(Courtesy: Franklin Fountain)
What is Philly-style ice cream? The city has a long history of making ice cream, creating “iced creams” for George Washington and becoming known for its high-quality ice cream after the 1876 Philadelphia exposition. In general, Philly-style ice cream doesn’t use eggs in the mixture (though some use egg whites), as opposed to egg-heavy French-style ice cream. Try both kinds. Bassetts claims to be the oldest ice cream parlor in the country, serving up scoops since 1861. Franklin Fountain is newer — only in existence since 2004 — but is known for its homemade flavors, like Teaberry Gum, sundaes, and shakes.
(Courtesy: Cone E. Island)
While dessert fads come and go, ice cream will always remain a DC favorite. Thomas Sweet, an old-fashioned parlor in Georgetown, has attracted the Obamas a few times with its Cookie Monster and Coffee Heath Bar flavors. Cone E. Island, in Foggy Bottom, re-creates the feel of a Coney Island boardwalk ice cream shop and serves up an ode to the original Coney island flavor: a blend of vanilla and butterscotch with brownie and peanut butter cup bits. Or, track down the Cream Cycle DC truck for its ice cream sandwiches, in flavors like bacon and olive ice, and Mexican jalapeño chocolate.
Boston takes its ice cream seriously, with awards and fans rallying around their favorites. Toscanini’s, in Cambridge, has won the “best of” award from Boston Magazine multiple years in a row. It’s also been the subject of fan essays and a massive local fundraiser after the shop was closed by the IRS for failure to pay back taxes. Try its B3 flavor: brown butter, brownie, and brown sugar. Or, get the goat cheese brownie flavor. Christina’s, also in Cambridge, has won an equally large number of best-of awards and its own rabid fan base with its exotic flavors, like cardamom-infused pistachio, ginger molasses, and blood peach sorbet.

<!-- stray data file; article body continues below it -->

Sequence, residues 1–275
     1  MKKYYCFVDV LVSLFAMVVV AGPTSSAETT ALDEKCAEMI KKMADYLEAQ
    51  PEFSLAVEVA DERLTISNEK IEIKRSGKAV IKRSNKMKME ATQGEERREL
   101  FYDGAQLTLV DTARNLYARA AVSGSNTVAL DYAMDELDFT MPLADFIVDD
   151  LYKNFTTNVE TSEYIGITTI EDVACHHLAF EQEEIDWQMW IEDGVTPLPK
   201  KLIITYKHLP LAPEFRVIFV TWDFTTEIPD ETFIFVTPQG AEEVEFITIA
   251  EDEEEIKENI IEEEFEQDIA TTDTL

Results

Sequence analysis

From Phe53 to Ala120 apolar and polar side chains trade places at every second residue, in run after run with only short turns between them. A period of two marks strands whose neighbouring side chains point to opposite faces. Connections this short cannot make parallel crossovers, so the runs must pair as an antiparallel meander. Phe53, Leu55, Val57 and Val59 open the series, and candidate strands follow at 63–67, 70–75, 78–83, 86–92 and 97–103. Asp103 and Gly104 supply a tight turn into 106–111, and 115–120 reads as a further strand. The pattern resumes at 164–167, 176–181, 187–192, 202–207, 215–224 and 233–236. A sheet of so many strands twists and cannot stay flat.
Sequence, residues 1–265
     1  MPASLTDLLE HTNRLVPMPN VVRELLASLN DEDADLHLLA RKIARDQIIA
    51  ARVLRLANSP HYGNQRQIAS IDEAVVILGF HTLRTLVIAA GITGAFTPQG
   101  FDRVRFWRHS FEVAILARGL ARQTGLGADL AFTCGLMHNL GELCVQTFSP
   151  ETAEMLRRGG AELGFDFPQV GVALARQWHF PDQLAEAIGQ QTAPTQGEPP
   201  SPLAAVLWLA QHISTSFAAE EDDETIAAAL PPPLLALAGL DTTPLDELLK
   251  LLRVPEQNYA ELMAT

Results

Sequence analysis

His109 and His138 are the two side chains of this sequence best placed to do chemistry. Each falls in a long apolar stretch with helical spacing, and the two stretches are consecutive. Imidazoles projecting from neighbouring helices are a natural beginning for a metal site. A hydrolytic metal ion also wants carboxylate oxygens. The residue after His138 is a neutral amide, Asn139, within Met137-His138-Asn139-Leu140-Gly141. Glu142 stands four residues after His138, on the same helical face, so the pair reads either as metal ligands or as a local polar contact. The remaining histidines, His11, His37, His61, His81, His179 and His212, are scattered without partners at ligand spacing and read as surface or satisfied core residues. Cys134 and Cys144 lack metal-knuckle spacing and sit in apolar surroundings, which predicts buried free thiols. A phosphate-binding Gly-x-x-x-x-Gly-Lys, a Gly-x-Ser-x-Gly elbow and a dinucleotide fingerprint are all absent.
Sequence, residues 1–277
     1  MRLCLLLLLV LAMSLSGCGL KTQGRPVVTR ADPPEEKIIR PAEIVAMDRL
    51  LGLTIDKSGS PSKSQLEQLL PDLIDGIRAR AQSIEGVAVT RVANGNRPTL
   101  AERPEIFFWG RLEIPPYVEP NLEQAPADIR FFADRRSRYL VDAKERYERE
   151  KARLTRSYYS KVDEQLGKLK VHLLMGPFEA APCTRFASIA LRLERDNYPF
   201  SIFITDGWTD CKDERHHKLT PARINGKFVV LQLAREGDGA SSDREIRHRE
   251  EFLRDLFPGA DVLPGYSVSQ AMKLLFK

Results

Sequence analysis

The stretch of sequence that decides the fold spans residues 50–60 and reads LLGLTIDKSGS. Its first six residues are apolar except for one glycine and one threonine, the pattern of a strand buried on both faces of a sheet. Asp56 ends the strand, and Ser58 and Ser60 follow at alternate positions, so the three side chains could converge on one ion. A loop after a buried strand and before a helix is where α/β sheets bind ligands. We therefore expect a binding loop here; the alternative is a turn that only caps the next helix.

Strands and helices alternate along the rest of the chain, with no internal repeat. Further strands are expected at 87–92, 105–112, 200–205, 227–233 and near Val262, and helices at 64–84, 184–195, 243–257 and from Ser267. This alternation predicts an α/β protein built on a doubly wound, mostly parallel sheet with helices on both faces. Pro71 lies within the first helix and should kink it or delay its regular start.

(Courtesy: Henry’s Homemade Ice Cream)
If everything is bigger in Texas, then the ice cream served up has to be the biggest and best of all. When the Dallas Morning News ran an ice cream bracket contest, Monster Yogurt — a DIY frozen yogurt shop with dozens of different toppings — came out on top. But Sweet Firefly, which it narrowly beat, actually got the most votes in the first round of the competition. Sweet Firefly, in Richardson, has attracted scores of fans since it opened, with its coffee toffee crunch and rum raisin ice cream. Locals also love to argue over which DFW classic is better: Henry’s Homemade Ice Cream in Plano or Wild About Harry’s frozen custard. Guess you’ll just have to do things big and try both.
(Courtesy: The Cone Shoppe)
While most of the cities on this list likely have the largest number of people searching for ice cream because they’re some of the country’s largest cities, Grand Rapids cracks the top 10 through its fervor and high-quality treats. Jersey Junction, in East Grand Rapids, is known as one of the best ice cream parlors in Michigan. It was founded in 1963 by the mother of the author of “Polar Express,” a Grand Rapids native, and serves up Hudsonville ice cream, a local favorite. You can also try the hand-crafted ice cream (and vegan gelato) at Love’s, or the peanut butter flurry or coconut at The Cone Shoppe.